Alexander-Arnold receives the No. 8 shirt from Southgate, and Liverpool faces a massive challenge.

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For the club and the nation, Trent Alexander-Arnold is still a mystery. Given the No. 8 jersey, the 25-year-old Liverpool academy product seemed certain to play a significant role for England at the European Championship this summer.

After coming off the bench in Friday night’s shocking loss to Iceland, the right-back was easily the finest player on the field as the Three Lions defeated Bosnia and Herzegovina in midfield.

In his 25-minute cameo at Wembley, Alexander-Arnold generated three chances, more than any other player, after taking Kyle Walker’s position at full-back.

But in the 3-0 victory over Bosnia, he was used on the right side of a double pivot in midfield and ended up scoring as well as creating five chances. His performance was highly praised.

The record-breaking right-back is expected to start Euro 2024 in England’s 4-2-3-1 configuration with Declan Rice. Furthermore, it appears that Gareth Southgate had him in mind for the starting lineup because he was handed the much sought-after No. 8 jersey instead of Conor Gallagher.

All the signs seem to indicate that he should be in England’s starting lineup. Rice went so far as to say that he must get off to a head start against Iceland.

“He is unique. We are all familiar with Trent’s skill set; his passing, pass recognition, and right-sided [midfield] positioning are all excellent fits for him, Rice added.

“Like he does for Liverpool, he may enter on his preferred right side and see that pass. Although he played right-back for the final 20 minutes [on Monday] and looked just as excellent, he really does fit that role. Any nation would value this player. Trent is a player we must play, we must participate, and our attackers ought to be having a great time off of him because of his incredible passing.”

MIDFIELD TRENT?

This might make things more difficult for Liverpool if he does indeed succeed in a midfield role.

Alexander-Arnold is now in the last 12 months of his Anfield deal. Last month, there were reports that the Reds considered resolving their No. 66’s situation a top priority for the summer.

However, little real progress has been made in recent weeks, and any discussions will come to a halt while he is overseas representing England in international competition. There have been rumors that Real Madrid is interested in signing him, and the European champions want to bring him to the Spanish capital for nothing next summer.

The 25-cap England international told FourFourTwo earlier this year how he saw himself as a player: “I play best in the middle of the pitch because that’s where my ability and skill set shine. You’ll get the most out of that ability. And I see it as a chance to demonstrate that to the world.

Following his usage of the right-back as an inverted full-back, Jurgen Klopp did this. He would combine with Liverpool’s defensive midfielder to create a double pivot when in possession.

However, the German strategist never gave Alexander-Arnold his all as a midfield player. If they had been more confident in his abilities to fill that job, the previous season would have been the perfect moment to make the switch.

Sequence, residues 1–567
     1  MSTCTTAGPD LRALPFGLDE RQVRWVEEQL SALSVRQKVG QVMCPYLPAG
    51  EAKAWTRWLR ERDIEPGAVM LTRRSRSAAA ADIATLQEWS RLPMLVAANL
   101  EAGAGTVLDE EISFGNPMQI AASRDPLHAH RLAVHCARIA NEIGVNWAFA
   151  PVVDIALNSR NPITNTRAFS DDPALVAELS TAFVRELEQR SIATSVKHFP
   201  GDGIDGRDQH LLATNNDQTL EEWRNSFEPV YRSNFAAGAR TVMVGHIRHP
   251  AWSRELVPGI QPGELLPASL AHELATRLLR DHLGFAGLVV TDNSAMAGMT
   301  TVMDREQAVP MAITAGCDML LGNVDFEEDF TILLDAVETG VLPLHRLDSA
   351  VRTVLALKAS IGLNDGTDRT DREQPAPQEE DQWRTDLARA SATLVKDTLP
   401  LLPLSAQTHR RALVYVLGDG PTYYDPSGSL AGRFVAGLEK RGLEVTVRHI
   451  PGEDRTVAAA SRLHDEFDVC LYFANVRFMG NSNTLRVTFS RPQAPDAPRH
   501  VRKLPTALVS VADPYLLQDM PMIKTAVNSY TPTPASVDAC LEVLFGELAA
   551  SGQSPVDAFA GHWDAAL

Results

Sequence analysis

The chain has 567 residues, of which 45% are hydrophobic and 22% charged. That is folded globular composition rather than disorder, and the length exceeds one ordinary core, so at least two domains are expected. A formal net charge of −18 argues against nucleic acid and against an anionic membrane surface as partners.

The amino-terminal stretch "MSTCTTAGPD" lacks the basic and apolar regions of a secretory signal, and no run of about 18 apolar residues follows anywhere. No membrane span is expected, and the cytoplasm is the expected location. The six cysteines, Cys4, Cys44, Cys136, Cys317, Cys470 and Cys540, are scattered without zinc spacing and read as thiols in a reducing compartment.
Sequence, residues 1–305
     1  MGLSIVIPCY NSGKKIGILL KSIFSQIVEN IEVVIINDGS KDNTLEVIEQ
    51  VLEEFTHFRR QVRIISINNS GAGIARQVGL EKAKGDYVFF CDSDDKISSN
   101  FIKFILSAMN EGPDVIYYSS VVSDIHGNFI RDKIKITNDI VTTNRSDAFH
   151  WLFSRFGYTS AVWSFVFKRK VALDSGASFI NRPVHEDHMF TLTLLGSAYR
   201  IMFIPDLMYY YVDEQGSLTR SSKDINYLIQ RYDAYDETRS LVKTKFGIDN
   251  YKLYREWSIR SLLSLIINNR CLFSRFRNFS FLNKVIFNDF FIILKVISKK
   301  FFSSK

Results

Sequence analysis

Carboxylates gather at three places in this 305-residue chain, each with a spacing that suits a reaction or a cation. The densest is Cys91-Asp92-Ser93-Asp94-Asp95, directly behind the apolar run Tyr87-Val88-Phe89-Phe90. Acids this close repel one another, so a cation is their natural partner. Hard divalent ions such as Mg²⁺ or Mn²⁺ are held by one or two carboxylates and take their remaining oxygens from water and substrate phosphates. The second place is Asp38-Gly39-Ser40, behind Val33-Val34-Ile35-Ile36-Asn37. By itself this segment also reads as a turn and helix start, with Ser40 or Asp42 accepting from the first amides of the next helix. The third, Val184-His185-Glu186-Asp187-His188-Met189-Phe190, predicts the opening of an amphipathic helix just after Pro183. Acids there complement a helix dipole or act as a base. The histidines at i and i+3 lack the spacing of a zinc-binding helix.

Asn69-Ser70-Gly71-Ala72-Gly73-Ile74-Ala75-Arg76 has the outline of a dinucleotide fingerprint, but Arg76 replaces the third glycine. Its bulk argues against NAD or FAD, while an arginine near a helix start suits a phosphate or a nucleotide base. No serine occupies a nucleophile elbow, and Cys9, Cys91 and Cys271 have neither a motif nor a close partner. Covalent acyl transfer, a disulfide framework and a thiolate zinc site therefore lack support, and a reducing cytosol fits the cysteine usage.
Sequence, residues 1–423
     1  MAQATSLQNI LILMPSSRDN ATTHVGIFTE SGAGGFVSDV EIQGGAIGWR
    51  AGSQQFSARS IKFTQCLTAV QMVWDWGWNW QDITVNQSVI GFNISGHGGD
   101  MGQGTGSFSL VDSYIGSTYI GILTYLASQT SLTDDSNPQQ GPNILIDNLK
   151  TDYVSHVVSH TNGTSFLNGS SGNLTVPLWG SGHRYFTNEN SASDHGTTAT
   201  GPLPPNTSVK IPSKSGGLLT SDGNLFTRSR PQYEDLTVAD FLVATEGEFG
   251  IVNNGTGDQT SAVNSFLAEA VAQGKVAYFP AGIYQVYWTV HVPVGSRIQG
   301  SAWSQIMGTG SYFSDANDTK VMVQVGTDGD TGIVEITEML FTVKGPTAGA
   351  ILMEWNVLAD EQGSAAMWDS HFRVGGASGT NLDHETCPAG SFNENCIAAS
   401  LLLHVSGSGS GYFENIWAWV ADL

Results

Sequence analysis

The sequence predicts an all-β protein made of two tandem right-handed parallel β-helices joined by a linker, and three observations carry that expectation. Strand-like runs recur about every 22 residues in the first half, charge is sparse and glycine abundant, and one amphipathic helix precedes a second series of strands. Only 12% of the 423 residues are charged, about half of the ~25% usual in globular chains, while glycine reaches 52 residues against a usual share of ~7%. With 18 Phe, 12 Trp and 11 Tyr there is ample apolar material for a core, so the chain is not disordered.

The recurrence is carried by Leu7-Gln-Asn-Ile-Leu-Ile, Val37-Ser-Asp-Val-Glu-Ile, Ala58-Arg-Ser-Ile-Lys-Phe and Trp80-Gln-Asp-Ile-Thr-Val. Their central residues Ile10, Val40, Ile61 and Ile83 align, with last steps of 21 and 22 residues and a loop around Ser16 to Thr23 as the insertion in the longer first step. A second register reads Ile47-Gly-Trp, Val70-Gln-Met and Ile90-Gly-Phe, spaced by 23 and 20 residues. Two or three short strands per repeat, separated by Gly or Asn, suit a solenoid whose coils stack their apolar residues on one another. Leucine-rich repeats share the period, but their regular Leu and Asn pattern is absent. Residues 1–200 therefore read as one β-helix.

The Reds made a complete makeover of their midfield, adding four new players and occasionally starting Cody Gakpo in the middle third.

They refused to settle with Alexander-Arnold filling that position all the time. The team might have pursued a right-back to provide space for the No. 66 instead of settling on three new midfield additions. That wasn’t why they did it.

RIGHT BACK, TRENT PULLS THE STRINGS

The Scouser said in the FourFourTwo interview that playing as a full-back had given him freedom and allowed him to impact the game in ways that he would not have been able to if he had been assigned a fixed role.

The truth is that Alexander-Arnold was able to influence the game for the Reds because of his right-back position, particularly under Klopp. He would be able to pull the strings with the help of intermediaries.

Arne Slot also employs a similar strategy with his right-back. His strengths are best suited for the right-back position, particularly when he is required to invert.

More off-the-ball tasks are frequently assigned to midfielders. These obligations may restrict their future influence.

Ironically, his final third influence may decrease as he advances up the pitch. And for good reason—Klopp didn’t use him there. He was too talented to be bothered by all the extras that come with being a midfield player.

ENGLAND ROLE HANDS TRENT LEVERAGE However, even though England play a different system and formation, if Alexander-Arnold impresses as a midfielder, he might return to Liverpool wanting a midfield role. Moreover, his contract situation gives him more leverage because he can simply run out of money and leave the club on a free agent. Having played right-back for Liverpool, he could continue as a full-back and add to his already illustrious career by playing for Real Madrid. This could put the Reds in a tight spot.

Would it be better to take a chance on losing Alexander-Arnold, a 25-year-old full-back with little experience playing in the middle third as a midfielder in senior football? Do they give in to him just because he thinks he’s no longer useful as a full-back?

They have a player who can play full-back in Conor Bradley. This is likely the finest chance to try the experiment because of that and the arrival of a new manager.

If he is allowed a run there, then the only way these inquiries about his physique and athleticism will be addressed.

Isn’t it true that it’s now or never? For his benefit as well as the club’s ability to move on from having this conversation each season. A Liverpool calamity may be an England victory.

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